Millikin University - Decatur, IL
Library News- Spring 2003

 (You're wondering perhaps about the Peeps at the top of this page? A hint: Millikin Faculty "Peep" Show 2003. Stay tuned!)

This spring we have been able to pursue filling two vacant library positions. One of those positions we have just filled after a careful search, and that is the day associate at the Circulation Desk.

 Kelly Binkley, a Decatur native, comes to us having already worked at the library at Richland College, so she has a good idea of what we are about as an academic service and resource. Her first day at the Circulation Desk will be April 7, and her regular schedule will be days from Tuesday through Saturday. She will share the desk responsibility with Gavena Dahlman who covers the evening shifts. (Ben Gardner will be able to resume staffing the Research Desk when librarians are not available.)

We are very pleased to welcome Kelly to the Staley Library staff!

We are also in the process of selecting another librarian, someone who will be a much needed library faculty member to work with our extensive instruction and reference program in addition to supervising our Access Services (the Circulation Desk). As with the applicants for the Circulation Associate, we have had an outstanding pool of candidates for this position; and it has not been easy to narrow that pool down to three candidates to bring on campus for all-day interviews. (Though we should all have such positive "problems"!)  We have scheduled those interviews for April 3, 8 and 14; and I will let the campus know via email the time of day when the candidates will do their sample instruction sessions.

Last month we formally recognized a couple of our very best student workers, as we have done from time to time for number of years now. We select the honorees based on their exceptional contributions to the library's, and therefore the University's, mission, "exceptional" meaning beyond our usual high expectations of a library student assistant.  Ben Alvey and Debbie Myers both certainly fit these criteria. As it happens, both also worked in the library this past summer, a bonus for the library.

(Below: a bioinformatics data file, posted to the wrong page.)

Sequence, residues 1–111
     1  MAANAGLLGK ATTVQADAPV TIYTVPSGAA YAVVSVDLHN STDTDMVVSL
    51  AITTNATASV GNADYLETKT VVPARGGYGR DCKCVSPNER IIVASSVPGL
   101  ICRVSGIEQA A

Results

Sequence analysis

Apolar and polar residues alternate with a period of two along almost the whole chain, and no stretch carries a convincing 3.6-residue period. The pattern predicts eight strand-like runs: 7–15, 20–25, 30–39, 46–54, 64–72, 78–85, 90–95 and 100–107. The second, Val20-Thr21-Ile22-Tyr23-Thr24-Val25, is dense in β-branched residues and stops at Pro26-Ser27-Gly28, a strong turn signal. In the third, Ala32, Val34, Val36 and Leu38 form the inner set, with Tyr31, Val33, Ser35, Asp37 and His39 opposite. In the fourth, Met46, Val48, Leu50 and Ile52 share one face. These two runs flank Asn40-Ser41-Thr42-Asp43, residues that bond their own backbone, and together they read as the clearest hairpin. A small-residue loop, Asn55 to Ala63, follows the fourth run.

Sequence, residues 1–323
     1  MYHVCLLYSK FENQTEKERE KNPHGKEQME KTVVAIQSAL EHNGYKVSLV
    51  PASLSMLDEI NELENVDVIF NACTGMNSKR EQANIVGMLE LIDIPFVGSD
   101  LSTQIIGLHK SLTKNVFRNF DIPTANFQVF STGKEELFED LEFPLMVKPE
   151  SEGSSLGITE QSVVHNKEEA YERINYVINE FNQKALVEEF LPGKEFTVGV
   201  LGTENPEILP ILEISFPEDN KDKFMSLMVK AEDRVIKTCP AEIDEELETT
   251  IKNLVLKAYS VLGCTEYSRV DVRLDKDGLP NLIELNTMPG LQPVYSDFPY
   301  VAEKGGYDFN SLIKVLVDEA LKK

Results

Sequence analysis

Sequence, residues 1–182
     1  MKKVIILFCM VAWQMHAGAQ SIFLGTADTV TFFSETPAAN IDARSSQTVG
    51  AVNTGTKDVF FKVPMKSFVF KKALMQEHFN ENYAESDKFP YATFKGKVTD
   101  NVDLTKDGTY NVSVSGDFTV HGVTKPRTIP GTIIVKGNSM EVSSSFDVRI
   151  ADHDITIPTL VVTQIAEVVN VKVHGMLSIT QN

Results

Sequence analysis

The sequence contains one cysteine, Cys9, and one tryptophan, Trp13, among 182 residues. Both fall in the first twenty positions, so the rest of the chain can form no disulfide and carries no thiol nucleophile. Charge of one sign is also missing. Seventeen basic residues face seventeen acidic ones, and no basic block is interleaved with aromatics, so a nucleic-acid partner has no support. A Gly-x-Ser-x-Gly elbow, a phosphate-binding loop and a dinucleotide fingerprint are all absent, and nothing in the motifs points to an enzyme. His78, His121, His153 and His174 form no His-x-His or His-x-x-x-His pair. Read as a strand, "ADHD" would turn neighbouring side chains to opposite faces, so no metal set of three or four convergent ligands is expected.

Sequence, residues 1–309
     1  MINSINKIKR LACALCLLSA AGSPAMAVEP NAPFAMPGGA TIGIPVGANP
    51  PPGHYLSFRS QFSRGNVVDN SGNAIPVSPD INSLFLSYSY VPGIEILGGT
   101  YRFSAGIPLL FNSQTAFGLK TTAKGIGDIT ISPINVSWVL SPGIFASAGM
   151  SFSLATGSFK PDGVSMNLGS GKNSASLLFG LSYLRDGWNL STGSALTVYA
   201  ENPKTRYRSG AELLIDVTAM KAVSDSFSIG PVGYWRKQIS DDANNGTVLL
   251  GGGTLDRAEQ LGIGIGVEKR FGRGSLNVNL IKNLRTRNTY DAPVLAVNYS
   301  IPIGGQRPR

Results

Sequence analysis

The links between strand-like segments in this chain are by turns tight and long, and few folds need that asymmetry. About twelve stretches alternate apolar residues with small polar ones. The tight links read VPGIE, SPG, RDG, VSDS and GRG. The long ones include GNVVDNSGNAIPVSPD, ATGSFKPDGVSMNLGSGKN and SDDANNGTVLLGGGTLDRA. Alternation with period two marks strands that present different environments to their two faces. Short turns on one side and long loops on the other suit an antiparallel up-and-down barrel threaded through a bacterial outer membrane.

Ben Alvey has responsibilities both with Interlibrary Loans and at the Circulation Desk. Although Ben often works independently, especially with Interlibrary Loans, we know that at all times he performs quickly, efficiently, effectively, accurately, and dependably.  

When at the Circulation Desk, Ben knows what needs to be done, and he gets it done without the more usual necessity of prodding from supervisors. At the same time, he always finds the time to cheerfully help anyone who comes to the desk.

This past summer Ben worked on several big projects alone. For one thing, he reorganized the entire first floor periodicals section in a way that was typical of his approach: we explained what the result needed to be, and then he decided how to accomplish that result, even finishing the project in less time than we had expected. 

Ben graduates this spring, and we will very much miss him!

Debbie Myers works at the Circulation Desk, often during early morning shifts when she helps prepare the area for the day's work. She is consistently and knowledgably helpful to the library's patrons and goes out of her way to help students with their questions.

Debbie's special responsibility is watering and ministering to the library's many plants, living things that enhance the overall library  environment. Those plants are thriving now as rarely before!

This past summer Debbie worked very effectively on our major project of weeding the business collection of outdated materials, leading to significant improvement in that section of the library's resources.

Debbie is always cheerful and kind, and her positive attitude is exemplary as well as an example to us all.

Debbie will be working for us again this coming summer, along with Brad Leach, another of our current student workers.

The library recently received
a generous gift of almost 300 musical recordings from Dr. T. W. Samuels, including a number of complete boxed operas. These recordings have added significantly to our holdings in both opera and vocal music. (Dr. Samuels has also endowed the university with the T.W. Samuels lecture series, named in honor of his father.)